1. The History The ruins of Lower Whitley farm sit on the moors near Penistone. Best described as a small farmhouse with a series of barns attached to it, the largest of which is set centrally behind an arched doorway. Can’t find too much history on this but the farm was in the news recently (2013) when it was used as the set for external shots of “Jamaica Inn” in a recent BBC adaptation of Daphne Du Maurier’s famous 19th century novel. Apparently the production team made a few changes such as...
    4 replies | 748 view(s)
  • UrbandonedTeam's Avatar
    19th Sep 19, 17:00
    A two location day trip to Leeds from back in June took us to this architecturally interesting nursery building, followed by an unpredictable capture at the nearby church where the alarms do 'mean something,' especially now as work commences. Our fault for leaving it too late I guess. Rose Court School Rose Court building was is situated on the same site and the main senior school Leeds Girls High School building. Rose Court was purchased by the High School in 1912 and before this...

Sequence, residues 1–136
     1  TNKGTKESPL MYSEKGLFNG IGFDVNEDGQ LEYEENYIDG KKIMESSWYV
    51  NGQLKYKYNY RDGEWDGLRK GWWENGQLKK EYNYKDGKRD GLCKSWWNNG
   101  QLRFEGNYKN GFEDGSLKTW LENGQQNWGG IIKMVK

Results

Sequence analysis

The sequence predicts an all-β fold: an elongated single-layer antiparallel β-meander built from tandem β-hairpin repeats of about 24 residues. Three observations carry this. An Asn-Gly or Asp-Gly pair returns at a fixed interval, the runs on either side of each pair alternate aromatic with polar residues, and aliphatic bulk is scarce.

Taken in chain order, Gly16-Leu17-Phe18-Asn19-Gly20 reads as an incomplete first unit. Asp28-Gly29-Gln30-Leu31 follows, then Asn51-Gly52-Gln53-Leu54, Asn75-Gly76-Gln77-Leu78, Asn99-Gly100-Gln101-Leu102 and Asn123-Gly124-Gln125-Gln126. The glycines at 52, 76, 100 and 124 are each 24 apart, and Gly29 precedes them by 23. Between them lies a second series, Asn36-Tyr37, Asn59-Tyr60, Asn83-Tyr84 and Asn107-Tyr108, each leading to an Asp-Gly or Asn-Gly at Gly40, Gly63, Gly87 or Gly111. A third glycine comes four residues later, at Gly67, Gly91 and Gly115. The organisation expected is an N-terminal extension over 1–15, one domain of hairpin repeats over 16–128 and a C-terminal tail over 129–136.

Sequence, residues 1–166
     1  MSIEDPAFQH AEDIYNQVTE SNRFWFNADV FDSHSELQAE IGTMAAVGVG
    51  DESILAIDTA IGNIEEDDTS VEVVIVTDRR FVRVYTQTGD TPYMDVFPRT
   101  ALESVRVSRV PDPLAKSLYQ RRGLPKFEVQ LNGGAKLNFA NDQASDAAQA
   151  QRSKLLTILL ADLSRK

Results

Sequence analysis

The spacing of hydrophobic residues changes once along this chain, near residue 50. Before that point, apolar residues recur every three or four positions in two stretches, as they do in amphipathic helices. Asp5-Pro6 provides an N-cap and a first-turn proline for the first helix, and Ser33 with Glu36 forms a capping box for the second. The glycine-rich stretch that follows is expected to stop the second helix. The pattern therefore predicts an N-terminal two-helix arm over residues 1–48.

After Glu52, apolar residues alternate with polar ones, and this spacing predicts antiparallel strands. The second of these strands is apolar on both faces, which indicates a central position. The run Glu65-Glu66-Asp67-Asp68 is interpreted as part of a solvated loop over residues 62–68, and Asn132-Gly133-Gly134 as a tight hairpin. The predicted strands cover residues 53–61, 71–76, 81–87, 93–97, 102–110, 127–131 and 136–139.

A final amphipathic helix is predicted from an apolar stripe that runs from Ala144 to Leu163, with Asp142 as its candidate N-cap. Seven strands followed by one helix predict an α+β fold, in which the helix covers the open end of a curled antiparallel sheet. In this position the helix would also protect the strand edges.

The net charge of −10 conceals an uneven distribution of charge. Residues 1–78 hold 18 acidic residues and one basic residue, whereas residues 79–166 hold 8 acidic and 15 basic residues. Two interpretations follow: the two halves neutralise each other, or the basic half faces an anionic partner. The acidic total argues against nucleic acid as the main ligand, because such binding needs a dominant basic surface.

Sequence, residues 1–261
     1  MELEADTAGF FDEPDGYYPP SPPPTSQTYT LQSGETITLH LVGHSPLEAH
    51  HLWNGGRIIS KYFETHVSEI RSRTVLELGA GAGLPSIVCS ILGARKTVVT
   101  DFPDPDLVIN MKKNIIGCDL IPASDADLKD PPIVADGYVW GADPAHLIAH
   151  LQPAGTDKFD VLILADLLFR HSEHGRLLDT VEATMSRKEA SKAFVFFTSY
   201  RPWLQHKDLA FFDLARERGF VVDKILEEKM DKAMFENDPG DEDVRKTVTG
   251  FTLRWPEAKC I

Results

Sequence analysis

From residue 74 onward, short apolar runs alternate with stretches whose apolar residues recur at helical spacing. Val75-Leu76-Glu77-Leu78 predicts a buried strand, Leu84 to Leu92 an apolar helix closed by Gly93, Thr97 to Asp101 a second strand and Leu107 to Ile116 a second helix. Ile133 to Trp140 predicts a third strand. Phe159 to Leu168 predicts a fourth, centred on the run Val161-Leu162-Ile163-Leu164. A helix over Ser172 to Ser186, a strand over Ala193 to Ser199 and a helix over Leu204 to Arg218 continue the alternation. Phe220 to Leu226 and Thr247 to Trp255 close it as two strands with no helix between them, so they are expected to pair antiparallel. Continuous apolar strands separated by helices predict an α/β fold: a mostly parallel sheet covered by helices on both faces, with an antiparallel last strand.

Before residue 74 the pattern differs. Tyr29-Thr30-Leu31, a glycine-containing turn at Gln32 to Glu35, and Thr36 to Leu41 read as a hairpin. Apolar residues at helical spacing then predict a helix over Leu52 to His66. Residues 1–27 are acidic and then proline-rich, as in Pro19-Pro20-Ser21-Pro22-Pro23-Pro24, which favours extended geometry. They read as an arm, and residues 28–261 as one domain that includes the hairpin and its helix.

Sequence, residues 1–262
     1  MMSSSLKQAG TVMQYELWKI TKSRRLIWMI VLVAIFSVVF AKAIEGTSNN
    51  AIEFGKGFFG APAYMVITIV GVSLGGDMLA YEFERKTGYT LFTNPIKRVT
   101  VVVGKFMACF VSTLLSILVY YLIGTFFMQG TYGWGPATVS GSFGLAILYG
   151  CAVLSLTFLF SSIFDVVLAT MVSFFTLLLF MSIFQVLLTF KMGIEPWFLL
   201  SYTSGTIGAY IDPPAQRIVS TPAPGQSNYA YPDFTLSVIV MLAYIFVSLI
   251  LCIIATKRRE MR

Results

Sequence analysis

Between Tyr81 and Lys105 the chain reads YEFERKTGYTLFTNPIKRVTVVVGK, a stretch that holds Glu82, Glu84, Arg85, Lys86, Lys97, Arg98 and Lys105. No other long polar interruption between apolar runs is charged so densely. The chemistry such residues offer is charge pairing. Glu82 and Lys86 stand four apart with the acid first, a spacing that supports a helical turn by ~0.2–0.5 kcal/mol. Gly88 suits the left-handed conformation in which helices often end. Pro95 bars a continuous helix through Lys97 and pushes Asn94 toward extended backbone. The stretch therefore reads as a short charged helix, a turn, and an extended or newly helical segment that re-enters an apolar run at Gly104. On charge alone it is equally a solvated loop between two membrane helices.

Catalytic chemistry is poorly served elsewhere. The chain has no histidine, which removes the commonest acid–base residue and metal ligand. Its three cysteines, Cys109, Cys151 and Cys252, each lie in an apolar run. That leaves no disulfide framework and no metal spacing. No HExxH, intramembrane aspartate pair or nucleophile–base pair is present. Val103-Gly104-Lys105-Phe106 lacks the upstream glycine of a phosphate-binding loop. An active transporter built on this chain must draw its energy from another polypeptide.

2 replies | 914 view(s)
  • BikinGlynn's Avatar
    11th Oct 19, 20:59
    We dont do tourist spots on here right? Well u best ban me now cos heres one I bloody loved! I was down South for a holiday & noticed this place so thought Id have a quick look & it was one of the most idyllic places Iv visited. Helped partly by the mid week explore which meant I had the place to myself & some relatively decent weather left me not wanting to leave. If it makes it slightly more plausible the trail round the back of the water mills was fenced off "under repair" but with a...
    5 replies | 462 view(s)
  • UrbanX's Avatar
    11th Oct 19, 14:48
    I’ve written extensively about the history of the abandoned town of Juterbog here: After spending a day wandering around we went back to the hotel for a beer and to retrace our steps on Google Maps. To our horror, we’d missed an excellent looking building in the woods. So we got an early night in preparation for the next day. ….Well, not all of us. JC and myself got drunk in a beach themed cocktail bar on brightly coloured cocktails, and then infiltrated the service tunnels under our...
    5 replies | 310 view(s)
  • UrbandonedTeam's Avatar
    10th Oct 19, 17:28